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Filed under Abstract algebra, Calculus, Education, Teaching, Textbook-free, Textbooks

Questions about the algebra course

Jackie asked a series of good questions about the textbook-free modern algebra course and some of the student outcomes I was seeing in it. I tried to respond to those in the comments, but things started to get lengthy, so instead I will get to them here.

Do you think the results are only a result of a textbook free course?

To repeat what I said in the comments: I think the positives in the course come not so much from the fact that we didn’t have a textbook, but more from the fact that the course was oriented toward solving problems rather than covering material. There was a small core of material that we had to cover, since the seniors were getting tested on it, but mostly we spent our time in class presenting, dissecting, and discussing problems. We didn’t cover as much as I would have liked, but this is a price I decided to pay at the outset.

Most traditional textbooks don’t lend themselves well to this kind of class design. The ratio of text to problems in a typical textbook is probably something like 5:1 — a lot higher than that in some books. When you have a book in the course, it almost forces itself into the center of the class universe and everything tends to revolve around it, and take on its flavor. When the book spends most, almost all, of its pages on stuff for students to read rather than on problems for students to solve, then I guess it’s possible to have a problem-solving oriented class, but you’re going to be swimming upstream the whole way.

It works better, I think, to have no central book — and instead, provide problems via the course notes with just enough information to solve the problems. And if the students need more information, make it an assignment for library research or web queries.

Were there any negative outcomes? Anything you didn’t like as a result of choosing to structure the course in this manner?

There are some important algebra topics, in rings and particularly in fields, that are not going to get the time they really deserve. And I had to cut short or cut out some topics in group theory that are normally standard fare. At least, I see this as a negative; whether it really makes a difference in the long run is yet to be determined.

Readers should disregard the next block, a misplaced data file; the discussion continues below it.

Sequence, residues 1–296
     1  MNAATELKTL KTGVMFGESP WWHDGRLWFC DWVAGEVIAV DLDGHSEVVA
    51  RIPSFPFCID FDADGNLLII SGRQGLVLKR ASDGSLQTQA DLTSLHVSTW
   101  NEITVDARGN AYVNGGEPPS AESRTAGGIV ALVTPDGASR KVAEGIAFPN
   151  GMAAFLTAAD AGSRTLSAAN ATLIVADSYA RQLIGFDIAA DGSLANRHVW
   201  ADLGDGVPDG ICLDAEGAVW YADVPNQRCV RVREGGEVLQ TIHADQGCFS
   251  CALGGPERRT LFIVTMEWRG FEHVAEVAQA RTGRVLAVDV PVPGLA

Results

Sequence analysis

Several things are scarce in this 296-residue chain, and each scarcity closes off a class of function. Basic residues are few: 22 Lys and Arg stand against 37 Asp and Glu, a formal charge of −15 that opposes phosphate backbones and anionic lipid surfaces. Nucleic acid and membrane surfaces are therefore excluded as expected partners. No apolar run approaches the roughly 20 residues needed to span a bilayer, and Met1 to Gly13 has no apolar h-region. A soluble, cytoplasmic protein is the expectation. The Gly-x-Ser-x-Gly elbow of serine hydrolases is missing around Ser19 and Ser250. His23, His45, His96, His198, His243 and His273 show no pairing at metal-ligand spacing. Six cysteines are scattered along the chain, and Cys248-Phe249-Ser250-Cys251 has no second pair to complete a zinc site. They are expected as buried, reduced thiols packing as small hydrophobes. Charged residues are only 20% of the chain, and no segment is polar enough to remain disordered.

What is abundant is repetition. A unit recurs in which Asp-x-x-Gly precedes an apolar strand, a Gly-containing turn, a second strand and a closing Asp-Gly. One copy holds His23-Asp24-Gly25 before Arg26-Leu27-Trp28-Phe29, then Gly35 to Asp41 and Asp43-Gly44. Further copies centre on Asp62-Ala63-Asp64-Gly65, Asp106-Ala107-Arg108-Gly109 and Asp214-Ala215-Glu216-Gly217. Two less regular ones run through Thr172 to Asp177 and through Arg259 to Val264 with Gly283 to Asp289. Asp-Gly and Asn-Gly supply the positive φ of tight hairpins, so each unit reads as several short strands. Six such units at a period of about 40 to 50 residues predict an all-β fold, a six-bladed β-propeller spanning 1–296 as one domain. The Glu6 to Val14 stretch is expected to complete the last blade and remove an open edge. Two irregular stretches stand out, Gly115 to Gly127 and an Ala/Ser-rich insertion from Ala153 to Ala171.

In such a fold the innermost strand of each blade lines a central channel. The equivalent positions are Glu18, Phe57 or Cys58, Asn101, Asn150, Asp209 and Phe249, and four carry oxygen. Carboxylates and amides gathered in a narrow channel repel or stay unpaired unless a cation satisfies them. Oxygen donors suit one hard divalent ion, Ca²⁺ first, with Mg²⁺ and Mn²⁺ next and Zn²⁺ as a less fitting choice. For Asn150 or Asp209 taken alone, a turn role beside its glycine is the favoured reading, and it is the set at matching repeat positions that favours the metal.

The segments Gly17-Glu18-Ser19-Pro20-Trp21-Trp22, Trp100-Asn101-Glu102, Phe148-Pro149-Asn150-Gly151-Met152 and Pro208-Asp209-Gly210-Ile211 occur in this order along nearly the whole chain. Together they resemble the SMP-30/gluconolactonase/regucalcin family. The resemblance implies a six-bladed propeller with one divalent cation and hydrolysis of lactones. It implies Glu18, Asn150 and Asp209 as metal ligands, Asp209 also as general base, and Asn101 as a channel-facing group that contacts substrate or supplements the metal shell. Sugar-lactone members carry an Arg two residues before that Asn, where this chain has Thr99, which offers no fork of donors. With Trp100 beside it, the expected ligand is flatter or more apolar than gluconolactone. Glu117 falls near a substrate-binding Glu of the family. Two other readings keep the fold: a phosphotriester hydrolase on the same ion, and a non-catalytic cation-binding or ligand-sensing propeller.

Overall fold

The way I select students to do course tasks in class basically involves randomly ordering the students and having them attempt the problems one after the other. It seemed like several times, students who had not presented much ended up first on the list on the days they didn’t have something and last on the list on the days they did. Call it bad luck or Murphy’s Law or what-have-you; but I didn’t like how there was no mechanism for making sure the lower-scoring students got more chances to work.

Some students in the class still struggle with basic problem-solving skills and writing proofs. I think they have enough education to carry out successful problem-solving on proofs most of the time. But not having me lecture has meant that they don’t get to see professionally put-together proofs very often unless they go do some reading.

And I think that this course structure caused stress and even ill will among the students who were not used to having so much personal responsibility in their college work. I think that’s an unintended consequence of implementing a course design that is basically sound; I regret that it happened, and I’d like students to have a more uniformly positive experience in the class, but I’m not going to change the basic course design.

Would you do this again?

You bet, although I believe this way of running the class works in some situations and wouldn’t work in others. I thought about running my differential equations class next semester like this, but that course is so focused on methods that a blind application of this course structure onto that course doesn’t seem appropriate. Maybe I’ll come up with some variant that works.

What would you keep the same? What would you change?

I would definitely keep my method for assigning problems to students, my rubric for grading course tasks, and just the overall procedure for running the class sessions that I used. And I’d keep the feature where students get to choose the weights on the various assessments.

I’d do a little more with the course wiki. Right now students are expected to write up their solutions to course note tasks on the wiki, but there is no point value in doing so nor a penalty for not doing so. The exams are open-wiki, though, so there is some incentive for writing results up well. But I think I would make the posting of solutions mandatory and enforce the rule.

I’d also try to have a complete set of notes before the course began. I have been writing things as I go, and it’s led to some snafus I could have avoided.

I might try writing the course notes so that rings and fields come first.

I’d seriously consider having proof techniques be offered as the subject of weekly help sessions or additional course work. Some students are still struggling with basic problem-solving techniques, and they really need more help than what they are asking for.

That’s that for the questions. Any more?